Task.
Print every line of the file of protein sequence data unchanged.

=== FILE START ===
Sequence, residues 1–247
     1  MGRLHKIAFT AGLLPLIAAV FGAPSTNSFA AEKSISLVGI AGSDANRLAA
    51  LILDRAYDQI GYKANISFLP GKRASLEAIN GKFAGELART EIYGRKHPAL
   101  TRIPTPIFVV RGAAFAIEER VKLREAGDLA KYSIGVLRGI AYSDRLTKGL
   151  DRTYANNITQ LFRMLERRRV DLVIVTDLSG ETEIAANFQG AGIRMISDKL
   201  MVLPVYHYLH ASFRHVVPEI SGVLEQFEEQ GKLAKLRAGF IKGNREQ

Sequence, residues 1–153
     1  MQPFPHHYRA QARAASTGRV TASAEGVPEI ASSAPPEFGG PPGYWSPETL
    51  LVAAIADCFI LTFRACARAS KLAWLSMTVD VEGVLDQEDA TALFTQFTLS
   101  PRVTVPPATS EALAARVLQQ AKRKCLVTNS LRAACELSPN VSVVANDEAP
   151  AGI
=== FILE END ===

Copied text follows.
Sequence, residues 1–247
     1  MGRLHKIAFT AGLLPLIAAV FGAPSTNSFA AEKSISLVGI AGSDANRLAA
    51  LILDRAYDQI GYKANISFLP GKRASLEAIN GKFAGELART EIYGRKHPAL
   101  TRIPTPIFVV RGAAFAIEER VKLREAGDLA KYSIGVLRGI AYSDRLTKGL
   151  DRTYANNITQ LFRMLERRRV DLVIVTDLSG ETEIAANFQG AGIRMISDKL
   201  MVLPVYHYLH ASFRHVVPEI SGVLEQFEEQ GKLAKLRAGF IKGNREQ

Sequence, residues 1–153
     1  MQPFPHHYRA QARAASTGRV TASAEGVPEI ASSAPPEFGG PPGYWSPETL
    51  LVAAIADCFI LTFRACARAS KLAWLSMTVD VEGVLDQEDA TALFTQFTLS
   101  PRVTVPPATS EALAARVLQQ AKRKCLVTNS LRAACELSPN VSVVANDEAP
   151  AGI